3. Why the hell do we need 50 Linux webrings?! "Linux Users," "Linux Lovers," "The *Official* Linux Webring," "The Unofficial Linux Webring" ... sheesh!

    Those reasons and a myriad of lesser ones are what contributed to the death of webrings, if you ask me. Kind of a shame, but honestly I (as a web surfer and as a webmaster) never found much use for webrings beyond the fact that it was kinda cool to be part of a "group."

    • Re:I remember... (Score:3, Insightful)

      by evand ( 2571 )

      I think the major problem with webrings is that they weren't useful. I very rarely used them for navigation; even if I was interested in Topic X, who says that the Next Site on Topic X's webring would be any good?

      In general, if I was interested enough in the genre of site to be on a site regarding it long enough to see the "Member of Topic X Webring" navigation item, I probably knew most of the good sites anyway.

      • Exactly. You don't need a webring to tell you about other pages related to the page you are on. Most sites that have information will link to related sites. I'd rather visit the links on a good site than look through a dozen pages in a webring, hoping that the few that actually exist are what I want.
    • Re:I remember... (Score:3, Insightful)

      by Tony.Tang ( 164961 )
      I agree with this post. The utility of the webring was quite low, and has been made even less useful of late.

      One of the reasons may be that "back in the day", the ratio of "good sites on a topic" to "how easy it is to find them" was quite low. Today, the ratio is a lot higher -- it's easier to find more sites on a given topic both because there's more of them (chaos breeds goodness), and because there's a lot more investment into things on the web (consider news sites, for example).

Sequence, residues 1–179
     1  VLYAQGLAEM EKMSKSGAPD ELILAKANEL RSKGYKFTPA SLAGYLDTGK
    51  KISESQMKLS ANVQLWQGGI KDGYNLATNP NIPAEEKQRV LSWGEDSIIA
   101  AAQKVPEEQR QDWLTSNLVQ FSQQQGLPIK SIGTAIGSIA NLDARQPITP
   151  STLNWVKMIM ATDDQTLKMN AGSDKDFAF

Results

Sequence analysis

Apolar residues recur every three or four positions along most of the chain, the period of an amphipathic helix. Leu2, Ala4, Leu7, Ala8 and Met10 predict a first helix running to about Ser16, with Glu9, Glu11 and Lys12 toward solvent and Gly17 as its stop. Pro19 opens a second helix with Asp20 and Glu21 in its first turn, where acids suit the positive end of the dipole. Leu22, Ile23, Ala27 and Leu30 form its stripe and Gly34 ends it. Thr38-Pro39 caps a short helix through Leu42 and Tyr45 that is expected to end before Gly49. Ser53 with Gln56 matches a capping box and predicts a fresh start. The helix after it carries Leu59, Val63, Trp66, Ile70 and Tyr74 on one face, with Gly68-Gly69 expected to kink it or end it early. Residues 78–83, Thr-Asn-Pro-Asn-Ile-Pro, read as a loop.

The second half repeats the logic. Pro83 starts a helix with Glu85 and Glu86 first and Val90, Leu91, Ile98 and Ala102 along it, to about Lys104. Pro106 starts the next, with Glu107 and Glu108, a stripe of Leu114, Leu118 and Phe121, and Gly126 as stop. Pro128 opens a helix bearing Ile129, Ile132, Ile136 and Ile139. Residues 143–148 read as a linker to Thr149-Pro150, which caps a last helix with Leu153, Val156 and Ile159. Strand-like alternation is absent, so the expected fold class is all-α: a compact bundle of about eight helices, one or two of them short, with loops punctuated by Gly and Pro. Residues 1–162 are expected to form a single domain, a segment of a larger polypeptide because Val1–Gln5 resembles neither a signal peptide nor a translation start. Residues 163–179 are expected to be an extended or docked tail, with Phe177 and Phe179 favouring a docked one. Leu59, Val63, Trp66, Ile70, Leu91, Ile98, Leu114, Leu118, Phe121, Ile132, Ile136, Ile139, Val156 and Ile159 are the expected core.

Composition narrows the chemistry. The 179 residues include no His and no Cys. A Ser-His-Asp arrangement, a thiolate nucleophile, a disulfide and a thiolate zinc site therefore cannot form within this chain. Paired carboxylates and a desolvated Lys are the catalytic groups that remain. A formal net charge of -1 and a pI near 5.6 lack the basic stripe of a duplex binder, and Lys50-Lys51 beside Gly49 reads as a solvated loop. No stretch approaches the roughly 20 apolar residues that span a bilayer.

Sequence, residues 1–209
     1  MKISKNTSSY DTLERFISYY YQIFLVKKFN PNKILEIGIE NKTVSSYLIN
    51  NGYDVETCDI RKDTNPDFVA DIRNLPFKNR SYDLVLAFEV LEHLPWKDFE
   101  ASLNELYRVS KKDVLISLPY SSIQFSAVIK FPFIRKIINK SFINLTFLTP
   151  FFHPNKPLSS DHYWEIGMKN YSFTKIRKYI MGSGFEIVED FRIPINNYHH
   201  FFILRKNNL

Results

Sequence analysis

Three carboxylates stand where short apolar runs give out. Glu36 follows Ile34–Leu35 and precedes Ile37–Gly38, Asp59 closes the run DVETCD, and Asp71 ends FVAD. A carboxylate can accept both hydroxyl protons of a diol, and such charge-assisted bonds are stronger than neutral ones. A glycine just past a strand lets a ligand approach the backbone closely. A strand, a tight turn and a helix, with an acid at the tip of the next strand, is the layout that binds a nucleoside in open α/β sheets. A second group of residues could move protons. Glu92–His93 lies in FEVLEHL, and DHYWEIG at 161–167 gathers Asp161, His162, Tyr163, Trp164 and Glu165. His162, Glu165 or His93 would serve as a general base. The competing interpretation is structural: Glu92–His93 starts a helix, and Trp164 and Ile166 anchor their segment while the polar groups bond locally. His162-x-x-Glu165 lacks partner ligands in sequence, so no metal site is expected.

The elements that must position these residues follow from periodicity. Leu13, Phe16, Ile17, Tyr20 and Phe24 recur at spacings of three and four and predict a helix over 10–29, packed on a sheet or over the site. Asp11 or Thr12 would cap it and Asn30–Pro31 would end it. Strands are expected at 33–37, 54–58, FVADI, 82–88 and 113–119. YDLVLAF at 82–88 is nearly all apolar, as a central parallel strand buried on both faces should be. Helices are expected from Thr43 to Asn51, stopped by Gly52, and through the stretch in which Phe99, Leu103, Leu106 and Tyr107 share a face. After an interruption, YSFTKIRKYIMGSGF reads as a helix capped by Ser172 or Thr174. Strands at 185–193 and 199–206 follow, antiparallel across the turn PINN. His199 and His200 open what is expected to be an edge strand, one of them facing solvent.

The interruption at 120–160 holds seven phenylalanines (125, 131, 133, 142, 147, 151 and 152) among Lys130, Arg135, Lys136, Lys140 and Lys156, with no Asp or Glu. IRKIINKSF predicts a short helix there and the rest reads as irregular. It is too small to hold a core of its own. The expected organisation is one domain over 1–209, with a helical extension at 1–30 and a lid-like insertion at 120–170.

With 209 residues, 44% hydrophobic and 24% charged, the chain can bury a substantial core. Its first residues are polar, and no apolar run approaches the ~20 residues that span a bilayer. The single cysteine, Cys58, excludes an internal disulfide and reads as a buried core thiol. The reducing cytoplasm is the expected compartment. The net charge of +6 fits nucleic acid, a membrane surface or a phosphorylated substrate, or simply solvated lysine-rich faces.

I was involved in a few webrings back in the day, but like the original poster said, it was more of a "belonging" thing than anything else. Being in a webring meant being in a community. One of the big ones of the day was diary-l (I don't know what happened to it). The webring also had a mailing-list -- and it was folks in the mailing-list that probably had the best time -- after all, that encouraged more interaction than anything else, and made people feel part of a group.

      It was an interesting social phenomenon, I think. In a place where there was considerably less social interaction, webrings came to be to try to bring some order to the chaos, and make people feel like they were part of a community. It was, of course, essentially an illusion (or a clickable link, at best), and I think webrings were one illusion that became evident by virtue of their being useless.
    • 1.Most webrings were poorly maintained, at best, and filled with broken links.

      Agreed - that was always an annoyance to me. Quite often, in the pre-Yahoo WebRing! days, I would use it for looking at pages for certain topics. Some rings would be in great shape, with active Webring maintainers, and 404's and broken sites would not last long.

      Others seemed like they were started by someone on a whim, then completely ignored.

      3.Why the hell do we need 50 Linux webrings?! "Linux Users," "Linux Lovers," "The *Official* Linux Webring," "The Unofficial Linux Webring" ... sheesh!

      I wonder how many of the duplicate rings for any one topic were due to a person being denied a spot in another ring due to not having a good enough site to become part of the ring. Either that, or wanting the power of being the "maintainer" - those people were just as responsible for #1.